September 28, 2017
Written by FHI 360
This post originally appeared on the FHI 360 website. Reposted with permission.
Ideally, schools provide enriching educational environments where students develop the attitudes, habits and strengths they need to make good choices that keep them on track to succeed in school and life. However, for millions of youth around the world, schools are also a safe haven — an escape from poverty, conflict and fear. This is certainly true in El Salvador, the country that holds the undesirable title of murder capital of the world, with a homicide rate that is more than 20 times greater than the United States. Gang activity is largely to blame, resulting in widespread insecurity that affects much of Salvadoran society.
In 2015, approximately two-thirds of Salvadoran schools reported being affected by gangs, and more than one-quarter reported student dropouts due to gang violence. Adolescents are particularly vulnerable to gang influence, as the average age of entry into Salvadoran gangs is between 12 and 16. Many adults come to see youth as part of the problem, not as young people who need to be nurtured and developed.
FHI 360’s recent work in Salvadoran secondary schools has made important progress in providing social-emotional and academic supports to students. The lessons learned from this work can be adapted to other violent contexts to better prepare youth to succeed.
Pilot program transforms perceptions
During the 2015 academic year, FHI 360 implemented the Developmental Assets and Student Success Pilot Program in the high-risk community of Sonsonate, El Salvador. Jim Hahn, Senior Program Officer, Global Education, explained, “The goals of the pilot were to transform mindsets and perceptions about the role of schools in supporting the healthy development of adolescents and to strengthen educator practices in eight lower secondary schools (grades 7-9) to keep students engaged in school and on track to graduate.” This pilot program was part of FHI 360’s Education for Children and Youth Program, funded by the U.S. Agency for International Development.
“The pilot increased the capacity of educators and Ministry of Education officials through two parallel interventions that were adapted from work we are doing in high poverty schools in the United States,” said Risa Sackman, Director of Schools Support and Development, United States Programs. These interventions included: (1) integrating a positive youth development approach and social-emotional supports into schools to build students’ strengths, and (2) introducing schools to the Indicators for Success, FHI 360’s research-based, early warning dropout prevention framework.
Study measures initial outcomes and sustainability
Initial results indicated that the pilot helped change educators’ perceptions of youth and helped schools successfully lay the groundwork for meaningful dropout prevention. Because it takes time to shift paradigms and practices, FHI 360 conducted a mixed-methods follow-up study with the pilot schools one year later to determine how well they had independently sustained the pilot interventions. While results varied, the majority of schools reported improved student-teacher dialogue, perceptions of youth and student behavior. In addition, the majority of schools continued activities designed to build student strengths and support their social-emotional development.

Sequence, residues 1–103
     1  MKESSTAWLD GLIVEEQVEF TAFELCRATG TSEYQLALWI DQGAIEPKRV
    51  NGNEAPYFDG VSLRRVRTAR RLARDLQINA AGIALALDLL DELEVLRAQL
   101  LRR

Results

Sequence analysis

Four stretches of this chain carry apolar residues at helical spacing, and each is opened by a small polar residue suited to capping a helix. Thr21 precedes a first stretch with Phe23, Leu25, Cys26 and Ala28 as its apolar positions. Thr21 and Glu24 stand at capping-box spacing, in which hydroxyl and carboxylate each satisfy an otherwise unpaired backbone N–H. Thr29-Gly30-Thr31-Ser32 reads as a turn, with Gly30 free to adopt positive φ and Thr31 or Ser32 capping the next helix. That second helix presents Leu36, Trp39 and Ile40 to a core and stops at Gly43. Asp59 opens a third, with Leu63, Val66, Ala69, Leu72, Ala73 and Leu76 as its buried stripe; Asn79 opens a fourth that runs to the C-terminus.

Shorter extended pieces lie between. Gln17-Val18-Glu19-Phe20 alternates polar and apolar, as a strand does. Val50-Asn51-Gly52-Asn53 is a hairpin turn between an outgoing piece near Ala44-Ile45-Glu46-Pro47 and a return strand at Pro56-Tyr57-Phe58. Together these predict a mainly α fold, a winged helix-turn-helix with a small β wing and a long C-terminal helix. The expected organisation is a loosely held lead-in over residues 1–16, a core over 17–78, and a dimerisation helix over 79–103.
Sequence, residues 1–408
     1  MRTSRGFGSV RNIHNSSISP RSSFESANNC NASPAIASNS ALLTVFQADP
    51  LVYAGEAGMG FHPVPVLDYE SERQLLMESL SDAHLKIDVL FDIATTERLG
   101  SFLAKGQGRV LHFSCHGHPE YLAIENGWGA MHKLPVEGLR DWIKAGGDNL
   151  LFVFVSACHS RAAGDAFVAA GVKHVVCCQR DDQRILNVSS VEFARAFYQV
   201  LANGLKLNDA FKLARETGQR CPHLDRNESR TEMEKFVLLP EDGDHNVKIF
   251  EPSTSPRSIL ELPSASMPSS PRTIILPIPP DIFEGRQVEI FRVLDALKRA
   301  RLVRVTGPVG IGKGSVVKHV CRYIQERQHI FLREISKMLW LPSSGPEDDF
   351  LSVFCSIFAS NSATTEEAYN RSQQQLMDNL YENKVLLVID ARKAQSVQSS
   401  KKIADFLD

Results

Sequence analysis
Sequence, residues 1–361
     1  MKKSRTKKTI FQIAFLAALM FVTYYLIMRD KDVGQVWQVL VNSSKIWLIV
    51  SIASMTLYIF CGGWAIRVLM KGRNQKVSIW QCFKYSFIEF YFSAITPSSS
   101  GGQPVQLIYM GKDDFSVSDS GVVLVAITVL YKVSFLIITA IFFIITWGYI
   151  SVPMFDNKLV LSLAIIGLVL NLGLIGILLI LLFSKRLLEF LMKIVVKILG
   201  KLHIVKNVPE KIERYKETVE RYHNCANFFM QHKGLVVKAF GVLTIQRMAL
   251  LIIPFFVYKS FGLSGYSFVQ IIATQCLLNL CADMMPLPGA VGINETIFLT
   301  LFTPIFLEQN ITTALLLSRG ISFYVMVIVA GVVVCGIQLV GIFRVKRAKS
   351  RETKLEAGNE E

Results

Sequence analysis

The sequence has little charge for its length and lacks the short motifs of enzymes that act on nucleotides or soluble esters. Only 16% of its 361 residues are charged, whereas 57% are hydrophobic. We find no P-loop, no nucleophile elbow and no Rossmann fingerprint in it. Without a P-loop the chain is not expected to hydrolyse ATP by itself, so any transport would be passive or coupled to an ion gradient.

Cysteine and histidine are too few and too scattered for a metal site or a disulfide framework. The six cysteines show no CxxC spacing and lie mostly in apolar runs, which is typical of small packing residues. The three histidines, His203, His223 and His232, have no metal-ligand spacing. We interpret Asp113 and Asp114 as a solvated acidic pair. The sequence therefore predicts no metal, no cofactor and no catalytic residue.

Schools also reported several common barriers to achieving positive results, including lack of time, competing priorities, lack of support from the Ministry of Education and minimal buy-in among some teachers.
Findings apply to other schools in similar contexts
These findings, coupled with a deeper analysis of those pilot schools that had successfully sustained interventions, helped FHI 360 define three recommended practices that we will use with other secondary schools that are in violent communities.
Identify champions to drive the work. The most successful pilot schools had a principal who championed the pilot’s core interventions and worked collaboratively to change staff mindsets. These principals shared the role of champion with teacher-leaders, who trained their peers and modeled effective positive youth development and dropout prevention strategies in the classroom.
In high-risk settings where youth are viewed as problems, a team of champions must alter this perception by educating others about adolescents’ developmental needs so students can receive the supports they need to thrive.
Establish dedicated time, space and resources for teachers to collaboratively develop positive mindsets and practices. Schools that most effectively sustained the interventions incorporated pilot activities in their annual school operating plans, ensuring that future resources and time would be dedicated to advancing the work. They also scheduled time for teachers to meet regularly in teams to continue pilot activities, including reviewing student data and designing interventions for students at risk of dropping out.
Involve parents and communities. In violent settings, it is critical for parents and community members to engage positively with youth in schools. The pilot schools that successfully continued supporting youth had educated parents about adolescents’ needs through workshops, and the schools invited community members to lead student activities. Through these interactions, student support systems were strengthened at home and within the community, and adults learned to recognize youths’ value to Salvadoran society.
While these recommendations are hallmarks of strong schools everywhere, they are particularly important for schools that are affected by violence. Strong leadership, dedicated time and resources for teacher collaboration, and family support can go far in helping schools become the safe, transformational spaces that young people need.